The term “fresh” is used to describe cheeses that have not been aged, or are very slightly cured. These cheeses have a high moisture content, are usually mild, and have a very creamy taste and soft texture.
Examples include Italian-style mascarpone and ricotta, chèvre, feta, cream cheese, quark and cottage cheese. These light cheeses pair excellently with the softer flavors of wheat and lambic beers.
Semi-Soft Cheeses have little to no rind and exhibit a smooth, generally, creamy interior. These cheeses have a wide range of flavors from mild to rather pungent in taste.
Examples include many blue cheeses, colby, fontina styles, havarti and Monterey Jack. The vast variety of cheeses in this category can be paired with many different craft beers. When pairing, remember to match strength with strength.
This broad category of cheeses ranges from very mild to sharp and pungent. Hard cheeses generally have a texture profile that ranges from elastic at room temperature, to hard cheeses that can be grated.
Because of their variety, hard cheeses are easily paired with an equally broad range of craft beer styles.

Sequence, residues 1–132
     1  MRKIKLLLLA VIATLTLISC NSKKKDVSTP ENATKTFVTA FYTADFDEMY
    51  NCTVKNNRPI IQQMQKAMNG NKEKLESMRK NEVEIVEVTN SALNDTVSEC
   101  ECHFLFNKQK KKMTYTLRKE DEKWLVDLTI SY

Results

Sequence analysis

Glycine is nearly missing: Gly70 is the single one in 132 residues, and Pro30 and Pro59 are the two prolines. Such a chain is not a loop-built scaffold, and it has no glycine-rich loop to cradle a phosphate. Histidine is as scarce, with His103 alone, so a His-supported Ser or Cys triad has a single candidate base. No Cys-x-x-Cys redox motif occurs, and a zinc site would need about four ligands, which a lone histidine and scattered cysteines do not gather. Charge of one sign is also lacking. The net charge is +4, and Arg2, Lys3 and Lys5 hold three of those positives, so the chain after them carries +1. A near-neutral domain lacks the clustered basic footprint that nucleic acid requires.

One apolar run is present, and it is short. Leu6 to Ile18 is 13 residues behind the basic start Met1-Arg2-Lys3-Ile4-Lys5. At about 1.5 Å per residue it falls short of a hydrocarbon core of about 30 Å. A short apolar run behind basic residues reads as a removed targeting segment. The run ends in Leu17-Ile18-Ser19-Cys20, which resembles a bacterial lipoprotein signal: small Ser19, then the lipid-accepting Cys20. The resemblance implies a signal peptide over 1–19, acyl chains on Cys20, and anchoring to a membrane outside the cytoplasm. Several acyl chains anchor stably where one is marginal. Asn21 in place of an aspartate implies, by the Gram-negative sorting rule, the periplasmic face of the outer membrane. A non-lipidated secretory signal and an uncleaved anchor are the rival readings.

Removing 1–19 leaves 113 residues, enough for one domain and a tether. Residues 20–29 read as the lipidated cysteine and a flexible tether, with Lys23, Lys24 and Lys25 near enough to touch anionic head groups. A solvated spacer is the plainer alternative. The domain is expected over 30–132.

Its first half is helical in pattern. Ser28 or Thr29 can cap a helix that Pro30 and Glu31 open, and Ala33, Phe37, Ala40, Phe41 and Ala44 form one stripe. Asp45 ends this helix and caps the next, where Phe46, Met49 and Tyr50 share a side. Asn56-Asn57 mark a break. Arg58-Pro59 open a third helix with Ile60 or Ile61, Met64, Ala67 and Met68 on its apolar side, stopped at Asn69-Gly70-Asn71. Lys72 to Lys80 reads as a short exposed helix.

The term “blue” is used to describe cheeses that have a distinctive blue/green veining, created when the penicillium roqueforti mold is added during the cheesemaking make process, is exposed to air. This mold provides a distinct flavor to the cheese, which ranges from fairly mild to assertive and pungent.
Blue cheeses may be made in many styles, the most common being the French (roquefort), Italian (gorgonzola) and Danish blue styles. These stronger-flavored cheeses are most successfully balanced with stonger-flavored bolder beers like IPAs or imperial IPAs.
Unlike soft-ripened cheeses which are sprayed with a solution to encourage mold growth to produce a rind, natural rind cheeses develop rinds naturally during aging.
This category of cheeses include Tomme de Savoie styles which pair well with golden ales or blondes. Traditional British-style ales work well with English-style natural rind cheeses, such as Lancashire and Stilton.
These cheeses are bathed in brine, wine, spirits or even beer which helps it to retain moisture and aids the growth of bacteria.
The cheese itself, while potentially pungent, is often creamy. Try Belgian-styles ales, like triples and golden strong ales with these varieties.
For more information about how food and beer go hand in hand visit: http://www.craftbeer.com/